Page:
January 25, 2011
Located in the Democratic Republic of Congo (DRC), Virunga National Park is no stranger to conflict. In the past 15 years, the park has lost over 130 wildlife rangers to clashes with rebels and government soldiers using the park as a staging ground. According to the DRC's wildlife agency, ICCN, the attack was likely in retaliation for the destruction of two FDLR camps in the park by wildlife rangers last month.
Home to a quarter of the world's mountain gorillas, as well as chimpanzees, hippos, lions, forest elephants, and rare birds, Virunga National Park is one of Africa's most biodiverse parks and is classified by the UN as a World Heritage Site.
Recently, Virunga National Park made headlines due to plans by oil companies to begin exploration in the park. A spokesperson for one of the oil companies stated that the companies could bolster security in the park, but conservation organizations and the UN have condemned the plan to drill in the park.
"The eight rangers will be buried at Mai ya Moto, our burial site where we honor those who have died in our efforts to protect the park. Our thoughts are with the families of the deceased and with the wounded in hospital," the official website of Virunga National Park said in an announcement.
UN and conservation organizations condemn big oil's plan to drill in Virunga National Park
(01/20/2011) WWF, the International Union for the Conservation of Nature (IUCN), and the UN have all recently expressed concerns about two oil companies' plan to explore for oil in Africa's oldest and famed Virunga National Park. Home to a quarter of the world's mountain gorillas, as well as chimpanzees, hippos, lions, forest elephants, and rare birds Virunga National Park in the Democratic Republic of Congo (DRC) is one of Africa's most biodiverse parks and is classified by the UN as a World Heritage Site. But according to WWF plans by oil companies SOCO International and Dominion Petroleum could jeopardize not only the wildlife and ecosystems, but also local people.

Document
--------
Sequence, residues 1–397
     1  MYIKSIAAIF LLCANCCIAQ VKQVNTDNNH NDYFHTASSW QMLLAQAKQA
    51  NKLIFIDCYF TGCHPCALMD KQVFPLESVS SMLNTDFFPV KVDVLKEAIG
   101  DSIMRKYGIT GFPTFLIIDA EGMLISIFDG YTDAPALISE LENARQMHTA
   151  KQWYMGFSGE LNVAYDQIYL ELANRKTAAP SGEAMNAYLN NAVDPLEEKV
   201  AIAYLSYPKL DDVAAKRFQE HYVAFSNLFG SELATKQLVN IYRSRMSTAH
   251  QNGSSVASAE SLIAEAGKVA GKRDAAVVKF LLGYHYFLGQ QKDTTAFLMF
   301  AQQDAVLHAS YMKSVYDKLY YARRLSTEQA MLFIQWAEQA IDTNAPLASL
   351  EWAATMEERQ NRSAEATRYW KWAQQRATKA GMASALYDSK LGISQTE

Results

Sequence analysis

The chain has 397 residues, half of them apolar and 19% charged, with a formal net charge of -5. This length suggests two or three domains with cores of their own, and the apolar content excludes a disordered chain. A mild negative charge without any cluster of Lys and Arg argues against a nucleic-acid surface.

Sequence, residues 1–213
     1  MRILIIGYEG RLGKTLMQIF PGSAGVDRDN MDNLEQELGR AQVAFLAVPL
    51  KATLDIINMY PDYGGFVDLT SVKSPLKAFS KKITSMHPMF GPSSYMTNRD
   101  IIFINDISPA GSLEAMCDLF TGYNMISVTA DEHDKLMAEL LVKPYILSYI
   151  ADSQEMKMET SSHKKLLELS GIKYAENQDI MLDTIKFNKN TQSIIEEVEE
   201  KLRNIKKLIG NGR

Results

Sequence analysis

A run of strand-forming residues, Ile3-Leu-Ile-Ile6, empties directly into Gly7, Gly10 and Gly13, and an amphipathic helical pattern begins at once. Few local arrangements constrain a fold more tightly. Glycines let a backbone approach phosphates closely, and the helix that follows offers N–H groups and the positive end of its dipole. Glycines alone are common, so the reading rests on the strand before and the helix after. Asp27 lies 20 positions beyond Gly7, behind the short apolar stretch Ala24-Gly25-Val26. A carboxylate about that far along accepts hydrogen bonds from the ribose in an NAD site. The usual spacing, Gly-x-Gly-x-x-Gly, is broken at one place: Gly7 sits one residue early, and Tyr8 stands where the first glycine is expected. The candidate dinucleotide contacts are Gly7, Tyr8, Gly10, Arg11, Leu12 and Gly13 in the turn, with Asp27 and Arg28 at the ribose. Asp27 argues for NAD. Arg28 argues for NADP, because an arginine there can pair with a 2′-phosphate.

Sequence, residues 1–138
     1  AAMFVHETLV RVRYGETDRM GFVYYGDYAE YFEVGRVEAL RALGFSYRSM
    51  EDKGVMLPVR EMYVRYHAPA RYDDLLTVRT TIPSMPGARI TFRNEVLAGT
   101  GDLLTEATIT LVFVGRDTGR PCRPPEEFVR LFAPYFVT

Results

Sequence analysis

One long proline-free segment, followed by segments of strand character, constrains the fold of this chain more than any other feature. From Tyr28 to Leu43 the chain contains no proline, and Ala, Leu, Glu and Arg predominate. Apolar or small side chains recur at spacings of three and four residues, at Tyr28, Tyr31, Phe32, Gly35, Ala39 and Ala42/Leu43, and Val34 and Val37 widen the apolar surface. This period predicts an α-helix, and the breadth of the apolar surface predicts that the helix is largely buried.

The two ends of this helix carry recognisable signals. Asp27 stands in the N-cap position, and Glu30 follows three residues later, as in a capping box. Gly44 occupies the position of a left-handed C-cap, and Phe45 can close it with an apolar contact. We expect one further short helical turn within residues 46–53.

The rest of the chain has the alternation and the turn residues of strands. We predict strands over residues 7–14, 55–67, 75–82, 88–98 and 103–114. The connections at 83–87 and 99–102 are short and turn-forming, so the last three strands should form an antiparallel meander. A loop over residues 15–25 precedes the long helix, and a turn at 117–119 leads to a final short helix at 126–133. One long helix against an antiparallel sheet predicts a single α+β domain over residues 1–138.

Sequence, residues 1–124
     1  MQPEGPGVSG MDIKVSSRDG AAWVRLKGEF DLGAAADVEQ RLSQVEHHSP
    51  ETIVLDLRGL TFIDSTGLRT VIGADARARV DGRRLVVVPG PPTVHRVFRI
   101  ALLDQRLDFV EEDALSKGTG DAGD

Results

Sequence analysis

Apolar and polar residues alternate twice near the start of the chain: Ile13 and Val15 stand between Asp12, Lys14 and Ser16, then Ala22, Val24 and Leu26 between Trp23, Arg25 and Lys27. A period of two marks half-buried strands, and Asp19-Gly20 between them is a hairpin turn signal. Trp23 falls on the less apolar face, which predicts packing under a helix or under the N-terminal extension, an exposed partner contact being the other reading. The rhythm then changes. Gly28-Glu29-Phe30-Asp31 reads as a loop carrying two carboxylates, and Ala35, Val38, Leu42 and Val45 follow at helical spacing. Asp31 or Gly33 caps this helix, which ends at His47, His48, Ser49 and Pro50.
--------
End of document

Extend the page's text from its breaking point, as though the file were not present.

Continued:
Mountain gorilla population in DR Congo increases 12.5%
(01/27/2009) The population of critically endangered mountain gorillas in Democratic Republic of Congo's Virunga National Park increased 12.5 percent in the past 16 months according to a census conducted by the Congolese Wildlife Authority (ICCN). 81 gorillas now live permanently in the park, up from 72 in August 2007.
Gorilla ranger killed in Congo
(01/12/2009) A wildlife ranger has paid the ultimate price in the effort to protect endangered mountain gorillas in Democratic Republic of Congo, reports Wildlife Direct, a group that promotes wildlife protection through blogs by rangers and conservationists. Ranger Safari Kakule was killed by a rebel forces during an attack on the evening of January 8 in Congo's Virunga National Park. Safari, along with six other rangers, were attacked while on patrol. They were "far outnumbered" by armed members of the Mai Mai militia according to Wildlife Direct.